As usual, it’s written in a fairly neutral tone. But, if you’re feeling conspiratorial, the mask does slip on occasion, perhaps giving a sense of where the .xxx application could head next.

The ICANN summary occasionally breaks from reporting what a commenter actually said in order to highlight a potential problem they did not address.

Example (my emphasis):

Only two commenters directly addressed the question of further interaction with the Governmental Advisory Committee (GAC) on the .XXX sTLD Application. Both of those commenters were against seeking any further input from the GAC outside of any public comment period. Neither of these commenters – nor any other – addressed the potential violation of the ICANN Bylaws that could result from the Board’s failure to properly consider the advice of the GAC

This suggests, to me, that the ICANN board will be receiving advice to the effect that further GAC input needs to be forthcoming before it can move forward with .xxx.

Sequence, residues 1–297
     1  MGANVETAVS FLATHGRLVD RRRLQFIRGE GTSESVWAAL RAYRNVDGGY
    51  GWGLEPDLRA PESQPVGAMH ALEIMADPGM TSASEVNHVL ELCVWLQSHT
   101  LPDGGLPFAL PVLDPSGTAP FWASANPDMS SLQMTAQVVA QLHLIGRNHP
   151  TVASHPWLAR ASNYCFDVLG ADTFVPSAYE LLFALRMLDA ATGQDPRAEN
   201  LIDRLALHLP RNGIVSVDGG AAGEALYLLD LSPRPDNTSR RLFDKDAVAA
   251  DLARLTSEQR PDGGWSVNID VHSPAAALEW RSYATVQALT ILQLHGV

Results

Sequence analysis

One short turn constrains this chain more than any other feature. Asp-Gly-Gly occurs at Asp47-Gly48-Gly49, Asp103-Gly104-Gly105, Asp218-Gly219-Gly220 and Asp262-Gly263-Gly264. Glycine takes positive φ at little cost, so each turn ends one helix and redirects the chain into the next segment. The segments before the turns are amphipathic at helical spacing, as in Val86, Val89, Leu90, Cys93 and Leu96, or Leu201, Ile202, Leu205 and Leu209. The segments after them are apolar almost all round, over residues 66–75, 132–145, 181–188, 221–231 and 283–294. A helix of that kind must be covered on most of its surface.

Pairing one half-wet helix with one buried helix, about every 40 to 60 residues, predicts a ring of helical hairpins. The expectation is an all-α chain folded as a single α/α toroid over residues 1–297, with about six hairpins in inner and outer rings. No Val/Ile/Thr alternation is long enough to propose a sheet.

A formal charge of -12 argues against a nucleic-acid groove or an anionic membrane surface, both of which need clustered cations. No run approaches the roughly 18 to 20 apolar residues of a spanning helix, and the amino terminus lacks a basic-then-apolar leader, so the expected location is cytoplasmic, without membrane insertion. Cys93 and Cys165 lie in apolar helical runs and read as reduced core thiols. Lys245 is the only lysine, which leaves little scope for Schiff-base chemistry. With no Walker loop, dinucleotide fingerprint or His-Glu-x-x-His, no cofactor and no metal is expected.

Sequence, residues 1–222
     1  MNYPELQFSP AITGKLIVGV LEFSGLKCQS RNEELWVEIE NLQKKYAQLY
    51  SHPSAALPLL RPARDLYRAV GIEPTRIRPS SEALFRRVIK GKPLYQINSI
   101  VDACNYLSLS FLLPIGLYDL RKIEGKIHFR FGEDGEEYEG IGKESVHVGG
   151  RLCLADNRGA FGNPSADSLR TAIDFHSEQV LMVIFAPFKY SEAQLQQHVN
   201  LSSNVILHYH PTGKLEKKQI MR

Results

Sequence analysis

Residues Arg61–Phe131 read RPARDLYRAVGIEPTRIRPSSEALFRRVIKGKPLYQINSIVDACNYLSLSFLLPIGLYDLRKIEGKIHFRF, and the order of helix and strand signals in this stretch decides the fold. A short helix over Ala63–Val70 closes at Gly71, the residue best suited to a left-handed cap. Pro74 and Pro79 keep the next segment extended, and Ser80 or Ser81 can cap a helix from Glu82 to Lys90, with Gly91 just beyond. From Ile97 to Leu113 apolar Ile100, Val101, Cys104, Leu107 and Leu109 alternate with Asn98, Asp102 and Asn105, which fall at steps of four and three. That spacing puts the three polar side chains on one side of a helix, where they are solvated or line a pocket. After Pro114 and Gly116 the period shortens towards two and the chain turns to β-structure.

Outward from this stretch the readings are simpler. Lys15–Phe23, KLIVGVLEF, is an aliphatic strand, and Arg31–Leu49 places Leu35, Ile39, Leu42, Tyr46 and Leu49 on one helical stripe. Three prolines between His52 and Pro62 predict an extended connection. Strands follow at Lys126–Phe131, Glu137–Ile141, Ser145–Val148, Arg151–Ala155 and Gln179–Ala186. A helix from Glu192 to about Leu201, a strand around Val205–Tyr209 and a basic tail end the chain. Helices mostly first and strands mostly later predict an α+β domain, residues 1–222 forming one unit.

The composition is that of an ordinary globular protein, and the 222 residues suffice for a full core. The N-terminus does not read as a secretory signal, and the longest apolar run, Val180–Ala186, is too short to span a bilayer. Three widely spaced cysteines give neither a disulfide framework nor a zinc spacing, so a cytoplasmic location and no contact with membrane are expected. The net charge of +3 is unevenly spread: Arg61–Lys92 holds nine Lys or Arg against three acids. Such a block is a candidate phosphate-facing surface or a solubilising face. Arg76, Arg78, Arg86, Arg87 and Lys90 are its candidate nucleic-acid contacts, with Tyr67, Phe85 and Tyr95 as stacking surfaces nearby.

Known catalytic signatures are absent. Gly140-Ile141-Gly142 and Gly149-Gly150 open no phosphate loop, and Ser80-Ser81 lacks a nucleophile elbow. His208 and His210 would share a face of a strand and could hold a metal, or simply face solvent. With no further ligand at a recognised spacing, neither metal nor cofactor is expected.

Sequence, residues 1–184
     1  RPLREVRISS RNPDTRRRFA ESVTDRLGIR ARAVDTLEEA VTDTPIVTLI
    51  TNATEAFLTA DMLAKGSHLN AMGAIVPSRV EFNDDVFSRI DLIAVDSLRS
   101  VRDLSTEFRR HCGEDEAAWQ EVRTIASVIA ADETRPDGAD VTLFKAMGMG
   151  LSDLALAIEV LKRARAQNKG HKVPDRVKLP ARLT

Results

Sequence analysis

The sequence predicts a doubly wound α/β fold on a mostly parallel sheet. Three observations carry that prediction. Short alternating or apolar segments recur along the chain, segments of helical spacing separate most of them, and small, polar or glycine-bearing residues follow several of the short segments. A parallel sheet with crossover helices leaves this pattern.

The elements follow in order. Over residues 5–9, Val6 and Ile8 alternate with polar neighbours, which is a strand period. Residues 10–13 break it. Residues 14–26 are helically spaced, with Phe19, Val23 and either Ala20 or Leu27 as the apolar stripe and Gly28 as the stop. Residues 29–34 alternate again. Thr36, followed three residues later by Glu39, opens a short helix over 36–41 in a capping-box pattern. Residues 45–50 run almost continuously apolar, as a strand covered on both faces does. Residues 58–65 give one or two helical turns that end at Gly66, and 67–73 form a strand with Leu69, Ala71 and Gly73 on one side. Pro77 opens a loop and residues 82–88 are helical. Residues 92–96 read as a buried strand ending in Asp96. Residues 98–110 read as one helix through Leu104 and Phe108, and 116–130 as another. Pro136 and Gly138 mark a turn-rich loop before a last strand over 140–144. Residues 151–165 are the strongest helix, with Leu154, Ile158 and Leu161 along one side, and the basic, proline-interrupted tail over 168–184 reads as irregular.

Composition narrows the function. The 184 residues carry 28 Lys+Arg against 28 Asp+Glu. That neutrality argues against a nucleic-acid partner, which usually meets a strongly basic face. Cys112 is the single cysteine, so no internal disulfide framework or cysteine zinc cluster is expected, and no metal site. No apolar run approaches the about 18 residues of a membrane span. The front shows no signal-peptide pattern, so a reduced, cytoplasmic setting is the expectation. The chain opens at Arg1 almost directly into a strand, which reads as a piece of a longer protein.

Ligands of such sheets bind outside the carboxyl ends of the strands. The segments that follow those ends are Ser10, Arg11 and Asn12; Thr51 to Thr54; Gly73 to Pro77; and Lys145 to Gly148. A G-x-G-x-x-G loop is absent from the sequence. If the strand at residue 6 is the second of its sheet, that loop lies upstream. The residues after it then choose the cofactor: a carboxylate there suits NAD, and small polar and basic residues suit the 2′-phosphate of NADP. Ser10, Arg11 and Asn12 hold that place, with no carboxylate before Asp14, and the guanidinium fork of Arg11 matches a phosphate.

If this is the case, the GAC might have to produce some advice before next Friday’s board meeting if ICM has any hope of getting back around the negotiating table prior to Cartagena in December.

That’s not the only reason to believe ICANN may punt .xxx again, however. Elsewhere in the report, we read (my emphasis again):

For those in favor of proceeding with the .XXX sTLD Application, many created an alternative option – that ICM and ICANN should proceed to a contract right away. There was substantial discussion on this point in the ICM submissions. Few commenters addressed the technical realities identified within the Process Report ‐ that prompt execution of the agreement negotiated in 2007 is not feasible.

The Process Report referenced says that it is not possible to go straight into contract talks because ICM first applied for .xxx more than six years ago.

This has been a bone of contention. ICM points to .post, which was applied for at the same time as .xxx and only approved late last year, as proof that the passage of time should be no barrier.

But ICANN president Rod Beckstrom doesn’t buy that comparison. He wrote to ICM (pdf) at the end of March noting that .post was backed by the International Postal Union, whereas .xxx is “sponsored” by IFFOR, an organization created by ICM purely to act as its sponsor.